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AI predicts effective depression treatment based on brainwave patterns

Woman hugging her knees
Andrii
Jun 24 2020
Tracie White
 

Current methods used to diagnose and treat depression are imprecise at best, relying largely on subjective answers to survey questions, said Leanne Williams, PhD, Stanford professor of psychiatry. At worse, these approaches can result in treatment choices that further postpone a patient's recovery as the disease progresses. 

"Currently treatments are a trial and error process," Williams said. "It's one size fits all. If the first treatment doesn't work, a second gets tried. We need a more precise tool to pick the best treatment option first."

Williams and her collaborators set out to define a more effective model, which they hope can be used in clinics soon. In a recent study, they deployed an algorithm to interpret brainwave patterns unique to individuals with depression, with the goal of better pinpointing which symptoms change with treatment.

"We know that depression is very heterogenous, and that there are at least 1,000 unique combinations of symptoms that can be diagnosed as depression," said Williams, who is the director of Stanford's Center for Precision Mental Health and Wellness. "We've found that brainwave measurements can be used to help identify which particular symptoms change with antidepressant treatment and which do not."

Predicting which symptoms improve

Major depression is the most common mental disorder in the United States, affecting about 7% of adults in 2017, according to the National Institute of Mental Health. Among those, about half never get diagnosed; and for those who do, finding the right treatment can take years with the current trial and error process.

For Williams' study, data was collected from 518 patients diagnosed with depression randomized to eight weeks of treatment with one of three different antidepressants. Based on brainwave data, the algorithm successfully predicted which symptoms improved with treatment, with highest performance for seven symptoms including insight and loss of weight.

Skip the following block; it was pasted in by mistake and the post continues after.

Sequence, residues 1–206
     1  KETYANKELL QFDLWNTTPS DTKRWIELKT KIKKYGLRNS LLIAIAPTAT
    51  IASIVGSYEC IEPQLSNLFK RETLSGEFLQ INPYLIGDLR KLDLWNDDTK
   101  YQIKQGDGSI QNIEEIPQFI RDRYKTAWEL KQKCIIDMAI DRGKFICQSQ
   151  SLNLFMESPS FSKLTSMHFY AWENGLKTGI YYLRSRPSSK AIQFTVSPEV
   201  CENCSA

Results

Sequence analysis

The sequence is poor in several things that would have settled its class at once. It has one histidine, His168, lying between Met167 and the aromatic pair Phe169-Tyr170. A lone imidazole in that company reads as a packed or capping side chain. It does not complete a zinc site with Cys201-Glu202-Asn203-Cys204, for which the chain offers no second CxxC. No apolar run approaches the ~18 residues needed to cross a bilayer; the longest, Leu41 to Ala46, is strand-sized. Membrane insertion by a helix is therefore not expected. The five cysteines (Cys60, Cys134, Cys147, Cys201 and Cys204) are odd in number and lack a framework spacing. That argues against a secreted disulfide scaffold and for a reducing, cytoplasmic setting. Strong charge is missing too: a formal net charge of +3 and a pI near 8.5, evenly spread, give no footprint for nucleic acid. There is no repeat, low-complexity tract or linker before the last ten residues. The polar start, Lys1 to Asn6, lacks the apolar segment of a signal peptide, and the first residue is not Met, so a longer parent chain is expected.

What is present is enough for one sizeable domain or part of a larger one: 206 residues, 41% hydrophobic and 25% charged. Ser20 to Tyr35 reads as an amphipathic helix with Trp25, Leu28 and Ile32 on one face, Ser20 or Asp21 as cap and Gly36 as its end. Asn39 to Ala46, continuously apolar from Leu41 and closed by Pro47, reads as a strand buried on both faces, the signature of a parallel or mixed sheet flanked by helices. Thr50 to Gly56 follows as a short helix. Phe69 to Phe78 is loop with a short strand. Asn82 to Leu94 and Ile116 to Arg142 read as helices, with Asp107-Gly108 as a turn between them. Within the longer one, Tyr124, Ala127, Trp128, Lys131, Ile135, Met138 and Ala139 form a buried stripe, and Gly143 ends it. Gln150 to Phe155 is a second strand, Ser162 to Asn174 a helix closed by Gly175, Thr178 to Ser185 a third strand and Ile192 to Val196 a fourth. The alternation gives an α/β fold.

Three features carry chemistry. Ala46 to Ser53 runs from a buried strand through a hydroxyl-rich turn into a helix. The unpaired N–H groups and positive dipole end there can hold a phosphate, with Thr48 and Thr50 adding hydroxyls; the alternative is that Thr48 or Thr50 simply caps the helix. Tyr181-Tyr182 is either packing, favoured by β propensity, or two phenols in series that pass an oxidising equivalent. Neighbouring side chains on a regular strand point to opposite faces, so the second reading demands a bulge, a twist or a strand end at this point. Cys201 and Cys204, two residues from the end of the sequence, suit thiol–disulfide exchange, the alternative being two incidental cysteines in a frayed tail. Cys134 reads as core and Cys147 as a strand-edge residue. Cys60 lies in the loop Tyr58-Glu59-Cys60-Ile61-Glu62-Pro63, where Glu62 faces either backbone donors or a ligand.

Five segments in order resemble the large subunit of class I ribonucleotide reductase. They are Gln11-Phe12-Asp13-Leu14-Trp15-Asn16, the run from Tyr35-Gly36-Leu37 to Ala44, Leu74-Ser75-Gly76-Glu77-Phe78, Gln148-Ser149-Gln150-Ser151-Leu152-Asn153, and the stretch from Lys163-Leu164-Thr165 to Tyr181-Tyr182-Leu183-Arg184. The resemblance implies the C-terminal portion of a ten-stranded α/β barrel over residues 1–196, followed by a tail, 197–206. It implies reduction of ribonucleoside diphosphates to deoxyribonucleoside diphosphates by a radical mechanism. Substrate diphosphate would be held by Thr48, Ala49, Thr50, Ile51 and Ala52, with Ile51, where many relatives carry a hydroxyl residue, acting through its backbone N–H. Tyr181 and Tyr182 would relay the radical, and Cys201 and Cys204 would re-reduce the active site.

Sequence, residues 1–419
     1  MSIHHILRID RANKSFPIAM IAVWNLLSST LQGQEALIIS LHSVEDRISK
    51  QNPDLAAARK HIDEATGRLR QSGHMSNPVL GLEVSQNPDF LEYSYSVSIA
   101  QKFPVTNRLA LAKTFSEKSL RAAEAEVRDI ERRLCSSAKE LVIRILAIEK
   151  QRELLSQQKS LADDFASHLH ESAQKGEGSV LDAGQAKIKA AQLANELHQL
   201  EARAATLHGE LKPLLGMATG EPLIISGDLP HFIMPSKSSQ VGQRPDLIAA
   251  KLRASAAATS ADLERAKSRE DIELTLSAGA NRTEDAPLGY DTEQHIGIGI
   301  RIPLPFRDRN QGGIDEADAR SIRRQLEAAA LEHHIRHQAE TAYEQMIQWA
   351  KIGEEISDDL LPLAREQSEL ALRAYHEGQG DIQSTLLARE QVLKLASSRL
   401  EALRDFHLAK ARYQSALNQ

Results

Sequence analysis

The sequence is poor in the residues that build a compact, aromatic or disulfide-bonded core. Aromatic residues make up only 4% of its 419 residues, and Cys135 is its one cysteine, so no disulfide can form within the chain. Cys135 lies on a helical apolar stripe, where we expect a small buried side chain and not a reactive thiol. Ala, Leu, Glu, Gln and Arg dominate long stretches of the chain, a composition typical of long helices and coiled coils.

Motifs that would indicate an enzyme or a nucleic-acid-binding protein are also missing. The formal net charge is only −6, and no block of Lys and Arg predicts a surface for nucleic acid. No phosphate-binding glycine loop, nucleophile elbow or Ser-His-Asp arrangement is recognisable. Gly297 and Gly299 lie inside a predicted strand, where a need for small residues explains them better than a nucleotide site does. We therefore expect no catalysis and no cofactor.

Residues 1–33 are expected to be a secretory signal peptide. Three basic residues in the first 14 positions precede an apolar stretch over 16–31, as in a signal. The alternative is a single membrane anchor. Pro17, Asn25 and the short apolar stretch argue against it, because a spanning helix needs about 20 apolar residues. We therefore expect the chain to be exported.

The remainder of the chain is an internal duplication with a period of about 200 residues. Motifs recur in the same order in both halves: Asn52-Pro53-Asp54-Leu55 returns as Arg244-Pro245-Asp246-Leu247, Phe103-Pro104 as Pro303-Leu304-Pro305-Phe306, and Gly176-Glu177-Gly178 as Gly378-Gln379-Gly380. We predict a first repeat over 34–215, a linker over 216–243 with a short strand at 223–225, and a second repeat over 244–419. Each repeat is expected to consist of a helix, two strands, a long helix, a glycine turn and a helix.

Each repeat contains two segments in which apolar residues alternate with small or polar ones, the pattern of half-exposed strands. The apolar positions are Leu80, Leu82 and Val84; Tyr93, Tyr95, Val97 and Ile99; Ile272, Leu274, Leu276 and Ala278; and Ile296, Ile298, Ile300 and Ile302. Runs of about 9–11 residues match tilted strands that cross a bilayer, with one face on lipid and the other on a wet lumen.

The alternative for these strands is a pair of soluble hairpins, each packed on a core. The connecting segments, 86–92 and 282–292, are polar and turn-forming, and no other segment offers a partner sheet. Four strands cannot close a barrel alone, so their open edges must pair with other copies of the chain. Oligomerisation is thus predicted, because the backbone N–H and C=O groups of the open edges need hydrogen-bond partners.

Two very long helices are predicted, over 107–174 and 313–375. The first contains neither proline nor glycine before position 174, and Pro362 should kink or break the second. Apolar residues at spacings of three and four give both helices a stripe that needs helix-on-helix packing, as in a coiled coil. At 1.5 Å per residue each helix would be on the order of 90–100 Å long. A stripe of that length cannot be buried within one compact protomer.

Creating new, objective, high-tech lab tests to help diagnose mental disorders has long been the goal of Williams and other translational neuroscientists. Instead of running blood tests or using measurements taken from heart monitors, clinicians currently rely on a survey: Either the patient or the physician lists the symptoms themselves. If a patient has a certain number of a wide variety of different symptoms --  among them low mood, appetite changes, loss of insight, loss of energy and poor concentration --  they receive a broad  diagnosis of clinical depression. 

Complex relationships in data

For the new model, Williams collaborated with researchers at Stanford's AI for Healthcare Bootcamp in a group led by Andrew Ng, PhD, adjunct professor of computer science. The team set out to design an algorithm able to predict improvement of various depressive symptoms with antidepressant treatment. Individual symptom data were combined with individual recordings from electroencephalography (EEG) tests which monitored electrical activity in the brains of the participants.

"We can apply artificial intelligence to learn complex relationships in data," said Pranav Rajpurkar, a PhD student in computer science, who shared lead authorship of the study with Jingbo Yang, a master's student. "We are able to learn and discover interesting relationships between a patient's depression symptoms -- and EEG readings -- at start of treatment, and their depression symptoms eight weeks in."

The algorithm was also able to identify individuals with clinical symptoms associated with a higher risk of poor outcomes, such as suicide, Rajpurkar said. These symptoms may otherwise have been missed due to the subjective nature of diagnosis. For example, the symptom labeled 'poor insight', which means that the patient may not be able to realize the extent of their illness, often gets overlooked.

"We need new models, such as this one, to provide objective measures of these depression risk factors to identify people who may benefit from more intensive treatments, or treatments other than antidepressants, with the goal of getting the best treatment fast," she said.